Saudi terrorists rich and driven by revenge; Most are middle-class or rich and show no signs of psychological problems and are driven by religious belief and a sense of revenge against perceived oppressors
(The Age) SAUDI Arabian terrorists are driven by religious belief and a sense of revenge against perceived oppressors, a counter-terrorism conference was told yesterday.
Most are middle-class or rich and show no signs of psychological problems, according to Bahraini researcher Hadyah Mohammed Fathalla, who studied 45 “mujahideen” arrested or wanted by Saudi authorities for terrorist activity.
Ms Fathalla used al-Qaeda documents and videos, as well as interviews, to build a profile of its members in Saudi. The men were not recruited but sought out the organisation. Their overriding motivation was to defend the Islamic community of believers, she said.
Ms Fathalla was speaking at an international conference on counter-terrorism organised by the Victoria Police Counter Terrorism Co-ordination Unit and Monash University.
Deputy Assistant Commissioner Peter Clark is head of the anti-terrorist branch at New Scotland Yard and Britain’s national co-ordinator for terrorist investigations.
He told the conference that Britain had had to evolve to cope with the changing face of terrorist attacks. Thirty years ago, the threat was the IRA. That organisation was home-grown, operated around a tightly structured network, gave warnings and deliberately restricted casualties, and had a negotiable political agenda. None of these factors applied to today’s terrorism, he said.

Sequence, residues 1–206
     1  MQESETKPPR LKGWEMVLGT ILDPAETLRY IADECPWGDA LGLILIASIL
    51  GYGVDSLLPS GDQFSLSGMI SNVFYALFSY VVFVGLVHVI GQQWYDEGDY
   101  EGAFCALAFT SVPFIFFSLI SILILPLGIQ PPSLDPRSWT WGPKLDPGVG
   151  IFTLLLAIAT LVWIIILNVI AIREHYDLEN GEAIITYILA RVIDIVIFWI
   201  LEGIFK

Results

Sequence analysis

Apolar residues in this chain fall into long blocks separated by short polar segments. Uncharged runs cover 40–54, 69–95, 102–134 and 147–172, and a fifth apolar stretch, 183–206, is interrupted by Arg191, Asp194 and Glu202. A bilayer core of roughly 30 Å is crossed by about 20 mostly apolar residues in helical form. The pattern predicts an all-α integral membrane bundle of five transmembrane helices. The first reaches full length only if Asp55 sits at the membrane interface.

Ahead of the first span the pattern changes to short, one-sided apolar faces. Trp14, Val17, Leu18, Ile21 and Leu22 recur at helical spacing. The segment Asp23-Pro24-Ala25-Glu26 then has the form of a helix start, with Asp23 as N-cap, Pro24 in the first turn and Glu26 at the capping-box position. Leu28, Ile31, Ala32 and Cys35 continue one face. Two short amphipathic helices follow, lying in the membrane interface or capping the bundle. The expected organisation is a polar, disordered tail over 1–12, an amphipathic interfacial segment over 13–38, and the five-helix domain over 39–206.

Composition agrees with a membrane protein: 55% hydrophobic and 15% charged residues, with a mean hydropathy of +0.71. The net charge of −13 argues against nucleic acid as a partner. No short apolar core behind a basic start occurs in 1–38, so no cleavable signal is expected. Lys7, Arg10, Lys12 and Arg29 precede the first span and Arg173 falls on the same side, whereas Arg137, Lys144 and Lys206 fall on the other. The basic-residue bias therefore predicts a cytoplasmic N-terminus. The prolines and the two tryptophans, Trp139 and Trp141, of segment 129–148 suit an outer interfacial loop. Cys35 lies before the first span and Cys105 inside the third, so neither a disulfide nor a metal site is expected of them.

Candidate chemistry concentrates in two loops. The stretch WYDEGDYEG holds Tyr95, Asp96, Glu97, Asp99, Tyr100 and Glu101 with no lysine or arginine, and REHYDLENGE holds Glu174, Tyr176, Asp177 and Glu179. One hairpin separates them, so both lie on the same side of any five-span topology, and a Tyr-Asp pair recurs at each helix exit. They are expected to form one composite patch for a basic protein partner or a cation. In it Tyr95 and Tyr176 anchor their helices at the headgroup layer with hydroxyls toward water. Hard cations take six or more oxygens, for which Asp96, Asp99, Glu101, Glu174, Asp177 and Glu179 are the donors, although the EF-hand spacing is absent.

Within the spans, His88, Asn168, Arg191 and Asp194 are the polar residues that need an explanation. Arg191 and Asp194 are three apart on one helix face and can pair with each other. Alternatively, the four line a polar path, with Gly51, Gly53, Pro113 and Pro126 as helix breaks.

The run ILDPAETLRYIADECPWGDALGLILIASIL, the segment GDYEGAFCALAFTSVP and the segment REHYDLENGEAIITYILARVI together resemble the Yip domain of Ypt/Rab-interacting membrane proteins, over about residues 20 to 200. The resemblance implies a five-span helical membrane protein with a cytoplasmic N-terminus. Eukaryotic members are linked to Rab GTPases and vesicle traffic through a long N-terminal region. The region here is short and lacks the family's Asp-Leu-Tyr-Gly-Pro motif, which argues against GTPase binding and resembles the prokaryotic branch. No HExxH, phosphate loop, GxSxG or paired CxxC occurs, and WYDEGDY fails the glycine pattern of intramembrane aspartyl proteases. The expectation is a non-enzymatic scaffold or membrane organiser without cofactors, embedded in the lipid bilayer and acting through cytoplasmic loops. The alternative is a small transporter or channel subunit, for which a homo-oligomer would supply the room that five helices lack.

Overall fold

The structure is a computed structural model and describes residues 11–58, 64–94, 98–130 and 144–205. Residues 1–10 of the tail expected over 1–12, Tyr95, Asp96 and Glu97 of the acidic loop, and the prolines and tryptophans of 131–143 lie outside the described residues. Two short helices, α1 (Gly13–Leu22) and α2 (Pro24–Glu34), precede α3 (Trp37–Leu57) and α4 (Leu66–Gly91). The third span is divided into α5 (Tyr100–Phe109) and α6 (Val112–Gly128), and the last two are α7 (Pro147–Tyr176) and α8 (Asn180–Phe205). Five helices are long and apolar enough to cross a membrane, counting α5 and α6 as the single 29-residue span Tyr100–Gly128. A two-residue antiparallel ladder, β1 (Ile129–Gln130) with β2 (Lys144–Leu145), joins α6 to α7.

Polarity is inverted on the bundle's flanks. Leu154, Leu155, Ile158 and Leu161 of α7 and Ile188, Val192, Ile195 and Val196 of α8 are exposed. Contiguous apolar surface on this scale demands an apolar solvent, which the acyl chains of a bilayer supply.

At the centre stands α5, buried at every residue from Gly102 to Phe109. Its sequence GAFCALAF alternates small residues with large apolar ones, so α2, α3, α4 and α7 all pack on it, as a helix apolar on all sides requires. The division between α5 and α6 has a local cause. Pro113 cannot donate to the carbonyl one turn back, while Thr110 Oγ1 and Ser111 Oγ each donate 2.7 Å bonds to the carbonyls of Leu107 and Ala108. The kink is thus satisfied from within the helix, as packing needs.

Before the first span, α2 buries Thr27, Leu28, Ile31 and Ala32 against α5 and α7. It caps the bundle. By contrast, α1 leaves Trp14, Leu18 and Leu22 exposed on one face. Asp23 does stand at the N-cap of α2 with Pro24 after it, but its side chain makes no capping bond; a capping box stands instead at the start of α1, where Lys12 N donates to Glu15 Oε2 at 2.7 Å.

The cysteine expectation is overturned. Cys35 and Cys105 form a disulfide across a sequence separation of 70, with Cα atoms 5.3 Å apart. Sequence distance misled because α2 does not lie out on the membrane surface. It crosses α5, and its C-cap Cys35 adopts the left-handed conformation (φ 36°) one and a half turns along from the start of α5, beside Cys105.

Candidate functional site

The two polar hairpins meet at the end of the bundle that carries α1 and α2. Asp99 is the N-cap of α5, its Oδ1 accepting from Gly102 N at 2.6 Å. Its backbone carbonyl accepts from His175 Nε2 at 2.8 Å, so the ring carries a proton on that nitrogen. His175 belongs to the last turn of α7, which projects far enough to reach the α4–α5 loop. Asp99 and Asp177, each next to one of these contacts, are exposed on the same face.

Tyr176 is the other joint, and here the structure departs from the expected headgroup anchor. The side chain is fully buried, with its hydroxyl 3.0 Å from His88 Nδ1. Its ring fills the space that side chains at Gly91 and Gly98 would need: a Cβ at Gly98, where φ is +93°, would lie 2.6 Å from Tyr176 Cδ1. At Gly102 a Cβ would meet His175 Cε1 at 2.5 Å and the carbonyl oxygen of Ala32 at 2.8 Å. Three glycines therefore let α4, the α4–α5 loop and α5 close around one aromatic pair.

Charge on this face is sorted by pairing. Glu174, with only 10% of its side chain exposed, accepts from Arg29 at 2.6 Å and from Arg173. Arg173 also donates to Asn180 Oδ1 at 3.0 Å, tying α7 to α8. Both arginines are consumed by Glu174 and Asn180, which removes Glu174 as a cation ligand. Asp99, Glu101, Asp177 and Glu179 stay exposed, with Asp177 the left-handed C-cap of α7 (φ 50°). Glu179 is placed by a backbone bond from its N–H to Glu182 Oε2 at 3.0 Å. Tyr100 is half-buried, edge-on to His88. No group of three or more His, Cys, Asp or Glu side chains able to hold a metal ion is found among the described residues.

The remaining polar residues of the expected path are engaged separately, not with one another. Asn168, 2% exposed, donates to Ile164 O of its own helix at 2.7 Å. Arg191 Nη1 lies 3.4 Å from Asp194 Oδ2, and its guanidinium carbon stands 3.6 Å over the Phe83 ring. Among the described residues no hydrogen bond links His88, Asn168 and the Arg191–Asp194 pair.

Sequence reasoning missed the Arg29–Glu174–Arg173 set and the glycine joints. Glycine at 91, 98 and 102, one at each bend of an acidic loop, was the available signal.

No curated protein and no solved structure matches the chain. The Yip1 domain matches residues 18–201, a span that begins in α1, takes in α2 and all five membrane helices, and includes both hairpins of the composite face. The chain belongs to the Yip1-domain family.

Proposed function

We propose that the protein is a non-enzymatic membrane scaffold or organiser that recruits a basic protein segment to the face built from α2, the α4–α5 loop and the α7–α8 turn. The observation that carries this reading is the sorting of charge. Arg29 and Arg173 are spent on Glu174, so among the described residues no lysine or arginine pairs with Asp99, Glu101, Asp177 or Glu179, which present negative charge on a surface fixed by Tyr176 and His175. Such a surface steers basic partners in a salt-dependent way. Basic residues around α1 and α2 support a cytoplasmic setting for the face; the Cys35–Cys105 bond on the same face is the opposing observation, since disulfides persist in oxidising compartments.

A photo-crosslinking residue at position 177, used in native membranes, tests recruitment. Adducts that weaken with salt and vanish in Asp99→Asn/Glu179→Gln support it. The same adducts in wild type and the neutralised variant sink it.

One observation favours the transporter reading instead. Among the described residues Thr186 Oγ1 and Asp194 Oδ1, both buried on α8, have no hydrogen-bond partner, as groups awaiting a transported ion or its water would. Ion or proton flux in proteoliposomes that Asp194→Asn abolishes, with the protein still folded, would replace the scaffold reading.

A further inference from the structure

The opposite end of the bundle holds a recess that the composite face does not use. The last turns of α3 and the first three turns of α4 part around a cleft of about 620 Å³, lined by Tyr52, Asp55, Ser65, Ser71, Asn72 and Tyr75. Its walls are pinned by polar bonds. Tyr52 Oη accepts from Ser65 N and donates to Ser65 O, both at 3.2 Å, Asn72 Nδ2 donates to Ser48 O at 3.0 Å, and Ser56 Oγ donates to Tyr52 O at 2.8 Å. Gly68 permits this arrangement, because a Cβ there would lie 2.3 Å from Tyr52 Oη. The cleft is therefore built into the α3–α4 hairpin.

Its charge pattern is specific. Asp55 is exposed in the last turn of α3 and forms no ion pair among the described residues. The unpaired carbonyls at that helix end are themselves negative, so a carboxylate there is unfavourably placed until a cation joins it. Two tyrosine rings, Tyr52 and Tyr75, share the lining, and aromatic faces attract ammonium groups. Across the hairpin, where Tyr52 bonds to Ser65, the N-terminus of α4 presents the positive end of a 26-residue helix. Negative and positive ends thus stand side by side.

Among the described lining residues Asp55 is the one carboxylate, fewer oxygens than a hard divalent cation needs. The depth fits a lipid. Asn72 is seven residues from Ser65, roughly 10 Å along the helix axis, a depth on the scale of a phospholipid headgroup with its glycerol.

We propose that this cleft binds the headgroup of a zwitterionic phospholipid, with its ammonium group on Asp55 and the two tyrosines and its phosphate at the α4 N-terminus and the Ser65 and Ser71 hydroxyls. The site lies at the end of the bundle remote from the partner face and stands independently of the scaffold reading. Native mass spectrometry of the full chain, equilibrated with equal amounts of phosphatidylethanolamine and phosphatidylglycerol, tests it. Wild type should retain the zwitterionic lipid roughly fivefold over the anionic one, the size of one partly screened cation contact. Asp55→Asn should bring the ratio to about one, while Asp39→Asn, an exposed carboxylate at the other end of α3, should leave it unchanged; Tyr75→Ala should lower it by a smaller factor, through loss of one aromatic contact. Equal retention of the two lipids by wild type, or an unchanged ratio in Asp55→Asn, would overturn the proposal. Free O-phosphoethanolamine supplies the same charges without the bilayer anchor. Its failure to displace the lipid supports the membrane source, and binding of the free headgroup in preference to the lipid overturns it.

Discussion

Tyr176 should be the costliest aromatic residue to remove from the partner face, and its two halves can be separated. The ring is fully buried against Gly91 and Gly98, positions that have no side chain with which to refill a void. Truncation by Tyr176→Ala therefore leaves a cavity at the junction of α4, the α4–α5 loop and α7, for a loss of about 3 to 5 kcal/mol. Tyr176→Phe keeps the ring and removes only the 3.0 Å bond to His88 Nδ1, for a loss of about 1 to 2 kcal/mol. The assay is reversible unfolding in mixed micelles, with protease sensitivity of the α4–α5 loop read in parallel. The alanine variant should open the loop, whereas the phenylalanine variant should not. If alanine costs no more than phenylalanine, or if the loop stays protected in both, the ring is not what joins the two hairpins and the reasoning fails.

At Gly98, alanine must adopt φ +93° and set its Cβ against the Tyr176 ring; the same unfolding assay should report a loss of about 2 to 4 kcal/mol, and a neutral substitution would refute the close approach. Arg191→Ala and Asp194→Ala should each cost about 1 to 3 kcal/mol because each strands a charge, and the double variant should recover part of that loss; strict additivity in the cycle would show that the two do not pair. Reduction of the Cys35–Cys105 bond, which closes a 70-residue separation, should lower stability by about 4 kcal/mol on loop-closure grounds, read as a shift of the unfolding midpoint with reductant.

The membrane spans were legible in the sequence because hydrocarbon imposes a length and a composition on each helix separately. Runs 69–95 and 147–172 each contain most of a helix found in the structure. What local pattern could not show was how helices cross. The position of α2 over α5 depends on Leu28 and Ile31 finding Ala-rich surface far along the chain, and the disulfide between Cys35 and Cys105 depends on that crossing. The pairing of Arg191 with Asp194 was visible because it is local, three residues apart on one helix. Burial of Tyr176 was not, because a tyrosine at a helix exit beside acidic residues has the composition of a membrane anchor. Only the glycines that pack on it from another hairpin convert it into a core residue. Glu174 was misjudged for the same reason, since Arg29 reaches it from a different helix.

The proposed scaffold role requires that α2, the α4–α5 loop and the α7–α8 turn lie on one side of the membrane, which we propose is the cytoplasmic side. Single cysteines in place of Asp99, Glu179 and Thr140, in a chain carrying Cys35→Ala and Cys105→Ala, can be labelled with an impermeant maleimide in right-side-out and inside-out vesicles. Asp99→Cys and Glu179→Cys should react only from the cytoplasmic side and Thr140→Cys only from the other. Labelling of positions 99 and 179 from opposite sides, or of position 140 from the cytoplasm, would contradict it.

For public safety, police now had to intervene at earlier stages of planning. Law enforcement goals were sometimes overridden by the need to minimise risk. He gave as an example Operation Rhyme, in which police surveillance in 2004 of a group of men believed to be planning an attack failed to gather hard evidence.
Believing the threat was imminent, police moved in anyway, then worked against the clock to gather admissible evidence from computer hard drives and encrypted portable electronic devices. “(The leader) and seven out of the eight members pleaded guilty to conspiracy to murder,” he said.
Victoria Police deputy commander Kieran Walshe told the conference that the first method of counter-terrorism should be primary prevention: stopping the radicalism and extremism from developing. “This requires intensive and good community policing,” he said.
Victoria Police had been working on community engagement for years, as had several government departments, he said. But the programs operated like “silo towers”, with each department and unit conducting its own initiatives in parallel, unaware of each other’s activities: “There is a need for a whole-of-government approach.”
While federal and state governments had provided counter-terrorism funding, this had not included money for primary prevention, he said.
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